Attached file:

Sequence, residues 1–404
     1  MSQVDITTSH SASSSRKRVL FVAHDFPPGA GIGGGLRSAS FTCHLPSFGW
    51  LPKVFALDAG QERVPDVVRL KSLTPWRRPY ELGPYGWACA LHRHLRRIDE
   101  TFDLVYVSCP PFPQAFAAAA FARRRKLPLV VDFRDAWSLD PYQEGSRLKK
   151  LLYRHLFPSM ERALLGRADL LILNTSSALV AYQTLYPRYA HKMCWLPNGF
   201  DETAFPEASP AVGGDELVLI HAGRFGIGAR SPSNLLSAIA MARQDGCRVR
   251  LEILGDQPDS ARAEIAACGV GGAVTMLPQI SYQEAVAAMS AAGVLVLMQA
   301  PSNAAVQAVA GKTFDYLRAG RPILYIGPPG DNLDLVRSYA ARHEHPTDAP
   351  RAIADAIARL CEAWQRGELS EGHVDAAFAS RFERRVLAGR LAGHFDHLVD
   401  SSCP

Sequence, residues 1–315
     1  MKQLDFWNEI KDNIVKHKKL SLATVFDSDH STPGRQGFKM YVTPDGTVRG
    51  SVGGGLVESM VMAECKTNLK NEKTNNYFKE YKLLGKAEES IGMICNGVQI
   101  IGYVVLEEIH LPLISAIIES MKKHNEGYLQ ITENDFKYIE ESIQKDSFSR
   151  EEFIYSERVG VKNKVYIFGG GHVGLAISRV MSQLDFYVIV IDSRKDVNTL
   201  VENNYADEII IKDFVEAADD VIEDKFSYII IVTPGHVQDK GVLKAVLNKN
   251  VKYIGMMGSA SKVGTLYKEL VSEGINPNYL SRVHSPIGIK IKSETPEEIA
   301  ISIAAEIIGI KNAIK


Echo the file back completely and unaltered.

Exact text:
Sequence, residues 1–404
     1  MSQVDITTSH SASSSRKRVL FVAHDFPPGA GIGGGLRSAS FTCHLPSFGW
    51  LPKVFALDAG QERVPDVVRL KSLTPWRRPY ELGPYGWACA LHRHLRRIDE
   101  TFDLVYVSCP PFPQAFAAAA FARRRKLPLV VDFRDAWSLD PYQEGSRLKK
   151  LLYRHLFPSM ERALLGRADL LILNTSSALV AYQTLYPRYA HKMCWLPNGF
   201  DETAFPEASP AVGGDELVLI HAGRFGIGAR SPSNLLSAIA MARQDGCRVR
   251  LEILGDQPDS ARAEIAACGV GGAVTMLPQI SYQEAVAAMS AAGVLVLMQA
   301  PSNAAVQAVA GKTFDYLRAG RPILYIGPPG DNLDLVRSYA ARHEHPTDAP
   351  RAIADAIARL CEAWQRGELS EGHVDAAFAS RFERRVLAGR LAGHFDHLVD
   401  SSCP

Sequence, residues 1–315
     1  MKQLDFWNEI KDNIVKHKKL SLATVFDSDH STPGRQGFKM YVTPDGTVRG
    51  SVGGGLVESM VMAECKTNLK NEKTNNYFKE YKLLGKAEES IGMICNGVQI
   101  IGYVVLEEIH LPLISAIIES MKKHNEGYLQ ITENDFKYIE ESIQKDSFSR
   151  EEFIYSERVG VKNKVYIFGG GHVGLAISRV MSQLDFYVIV IDSRKDVNTL
   201  VENNYADEII IKDFVEAADD VIEDKFSYII IVTPGHVQDK GVLKAVLNKN
   251  VKYIGMMGSA SKVGTLYKEL VSEGINPNYL SRVHSPIGIK IKSETPEEIA
   301  ISIAAEIIGI KNAIK